Yeast and bacteria eagerly manufacture all sorts of natural products—pharmaceuticals, biofuels, building materials, and so on. However, yeast and bacteria can’t manufacture unnatural products, that is, products of the kind that are synthesized in chemistry laboratories. Yeast and bacteria are simply ill-equipped. A member of any living species is limited to its own reactions or the reactions it can acquire, via genetic engineering, from members of other living species.

To bridge the gap between the natural and the unnatural worlds—which is to say, between the living cell and the chemistry laboratory—scientists based at the University of California (UC), Berkeley, and Lawrence Berkeley National Laboratory have engineered a bacterium that is capable of unnatural biosynthesis. This bacterium can express natural and artificial enzymes that work together in a heterologous biosynthetic pathway.

Details about the bacterium appeared in Nature Chemistry, in an article titled, “Unnatural biosynthesis by an engineered microorganism with heterologously expressed natural enzymes and an artificial metalloenzyme.” The article emphasizes that integrating artificial enzymes into metabolic networks could broaden the cache of molecules that can be produced biosynthetically.

“We engineered Escherichia coli with a heterologous terpene biosynthetic pathway and an artificial metalloenzyme (ArM) containing an iridium–porphyrin complex that was transported into the cell with a heterologous transport system,” the article’s authors wrote. “We improved the diastereoselectivity and product titer of the unnatural product by evolving the ArM and selecting the appropriate gene induction and cultivation conditions.”

The ArM in the current study is a modified version of P450, an enzyme that occurs naturally in many forms of life, though not, it happens, E. coli. P450 ordinarily contains a heme molecule, which in turn contains an iron atom. The ArM version of P450, however, swaps out the iron for iridium. This change equips ArM to execute a reaction not found in the natural world.

ArM was first created in the test tube by scientists led by John Hartwig, PhD, UC Berkeley professor of chemistry and one of four senior authors of the study. The scientists demonstrated that ArM could add cyclopropanes to other organic molecules by sticking a third carbon onto a carbon-carbon double bond. Moreover, ArM could do so with stereospecificity—that is, it could generate just one of the cyclopropanated molecule’s two mirror-imaged forms.

Then Hartwig’s team collaborated with the laboratories of Aindrila Mukhopadhyay, PhD, a Berkeley Lab senior scientist (and vice president of the Biofuels and Bioproducts Division at the Joint BioEnergy Institute), and Jay Keasling, PhD, a UC Berkeley professor of chemical and biomolecular engineering (and a senior faculty scientist at Berkeley Lab and CEO of the Joint BioEnergy Institute). The scientists worked together to see if they could incorporate the iridium-containing heme into P450 enzymes inside living E. coli cells and give the bacteria the ability to make cyclopropanated molecules completely within the cell.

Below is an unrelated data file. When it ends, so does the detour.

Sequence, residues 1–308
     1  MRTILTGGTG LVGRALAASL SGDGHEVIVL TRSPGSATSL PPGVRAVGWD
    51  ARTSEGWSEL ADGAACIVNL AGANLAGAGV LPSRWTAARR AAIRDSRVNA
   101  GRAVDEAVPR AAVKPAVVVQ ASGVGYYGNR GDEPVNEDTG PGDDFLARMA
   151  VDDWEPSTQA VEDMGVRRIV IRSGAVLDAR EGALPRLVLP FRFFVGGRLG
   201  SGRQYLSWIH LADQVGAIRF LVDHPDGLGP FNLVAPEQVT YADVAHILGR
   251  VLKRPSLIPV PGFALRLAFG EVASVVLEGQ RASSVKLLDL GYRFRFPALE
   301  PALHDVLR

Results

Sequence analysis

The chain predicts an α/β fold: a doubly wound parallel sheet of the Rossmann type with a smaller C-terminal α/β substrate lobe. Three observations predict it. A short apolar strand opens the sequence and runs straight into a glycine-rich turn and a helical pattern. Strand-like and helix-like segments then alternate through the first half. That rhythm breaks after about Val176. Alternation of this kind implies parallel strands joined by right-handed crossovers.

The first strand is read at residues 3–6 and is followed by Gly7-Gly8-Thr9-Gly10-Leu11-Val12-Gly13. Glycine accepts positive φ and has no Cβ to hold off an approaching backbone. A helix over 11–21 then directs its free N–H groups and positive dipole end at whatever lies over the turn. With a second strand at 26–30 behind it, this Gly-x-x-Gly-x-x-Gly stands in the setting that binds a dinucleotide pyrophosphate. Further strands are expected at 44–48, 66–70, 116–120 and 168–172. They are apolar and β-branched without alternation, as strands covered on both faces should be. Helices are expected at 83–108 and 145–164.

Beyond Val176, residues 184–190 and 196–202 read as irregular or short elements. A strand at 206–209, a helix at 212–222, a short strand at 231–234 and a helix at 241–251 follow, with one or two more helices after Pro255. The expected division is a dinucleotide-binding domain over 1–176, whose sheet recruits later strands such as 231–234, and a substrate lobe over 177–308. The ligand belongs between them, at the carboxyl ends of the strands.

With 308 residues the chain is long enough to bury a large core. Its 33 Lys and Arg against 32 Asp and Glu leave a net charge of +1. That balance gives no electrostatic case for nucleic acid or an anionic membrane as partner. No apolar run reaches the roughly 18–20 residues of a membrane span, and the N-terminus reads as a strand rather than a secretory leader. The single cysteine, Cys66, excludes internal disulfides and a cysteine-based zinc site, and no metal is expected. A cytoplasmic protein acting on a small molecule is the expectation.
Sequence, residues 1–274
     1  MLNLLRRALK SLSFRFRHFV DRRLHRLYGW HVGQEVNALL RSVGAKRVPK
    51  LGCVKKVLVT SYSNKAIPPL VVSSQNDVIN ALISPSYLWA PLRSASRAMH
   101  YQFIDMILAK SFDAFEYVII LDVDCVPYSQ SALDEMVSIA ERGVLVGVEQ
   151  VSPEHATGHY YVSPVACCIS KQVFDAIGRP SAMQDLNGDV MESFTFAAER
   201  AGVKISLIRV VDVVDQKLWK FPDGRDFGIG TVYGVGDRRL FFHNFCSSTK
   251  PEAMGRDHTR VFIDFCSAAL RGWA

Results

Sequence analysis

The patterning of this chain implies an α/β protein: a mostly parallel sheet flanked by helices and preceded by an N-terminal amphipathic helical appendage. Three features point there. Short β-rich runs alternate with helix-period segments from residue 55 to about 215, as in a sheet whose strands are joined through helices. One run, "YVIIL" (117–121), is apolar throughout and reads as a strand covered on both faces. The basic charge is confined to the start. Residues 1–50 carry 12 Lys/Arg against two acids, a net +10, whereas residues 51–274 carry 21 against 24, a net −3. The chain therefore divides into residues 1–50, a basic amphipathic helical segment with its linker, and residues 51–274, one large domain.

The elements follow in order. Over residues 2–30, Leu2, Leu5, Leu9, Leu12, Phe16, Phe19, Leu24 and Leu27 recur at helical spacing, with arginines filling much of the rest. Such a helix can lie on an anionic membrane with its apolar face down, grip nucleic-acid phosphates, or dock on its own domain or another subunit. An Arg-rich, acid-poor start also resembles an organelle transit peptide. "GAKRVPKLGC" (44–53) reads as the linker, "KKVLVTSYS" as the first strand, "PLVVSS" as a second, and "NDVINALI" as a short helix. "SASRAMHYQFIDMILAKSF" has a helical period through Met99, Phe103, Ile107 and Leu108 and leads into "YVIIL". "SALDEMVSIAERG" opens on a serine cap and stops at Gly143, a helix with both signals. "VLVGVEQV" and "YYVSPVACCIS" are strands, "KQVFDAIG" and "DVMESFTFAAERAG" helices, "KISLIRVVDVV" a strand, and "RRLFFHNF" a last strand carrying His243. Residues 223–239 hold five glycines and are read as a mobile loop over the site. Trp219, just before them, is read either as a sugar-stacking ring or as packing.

Working with UC Berkeley graduate student Brandon Bloomer, they found a way to transport the heme molecule containing the iridium into E. coli, where a majority of the iridium added to the medium in which the bacteria grow became incorporated into a P450 enzyme. The synthetic biologists then balanced the metabolism of the bacteria so that they could produce the final product—a cyclopropanated limonene—in a living bacterial culture.

“It’s a completely new way of doing chemical synthesis,” Hartwig said. “The idea of creating an organism that makes such an unnatural product, that combines laboratory synthesis with synthetic biology within a living organism—it is just a futuristic way to make organic molecules from two separate fields of science in a way nobody’s done before.”

Mukhopadhyay added that the achievement could greatly expand the applications of synthetic biology, which is a greener, more sustainable way to make chemicals for consumers and industry. “Today, many drugs are laboriously extracted from plants that are challenging to cultivate and negatively impact the environment,” she explained. “To be able to reliably make these compounds in a laboratory using biotechnology would really address a lot of these problems.”

This applies to making “not just medicines, but precursors to polymers, renewable plastics, biofuels, building materials, the whole gamut of things that we use today, from detergents to lubricants to paints to pigments to fabric,” she continued. “Everything can be made biologically. But the challenge lies in developing sustainable renewable pathways to it. And so here, we’ve taken a pretty substantial step toward it, where we have been able to demonstrate an artificial chemistry within a cell, a living growing cultured cell, which is inherently then scalable.”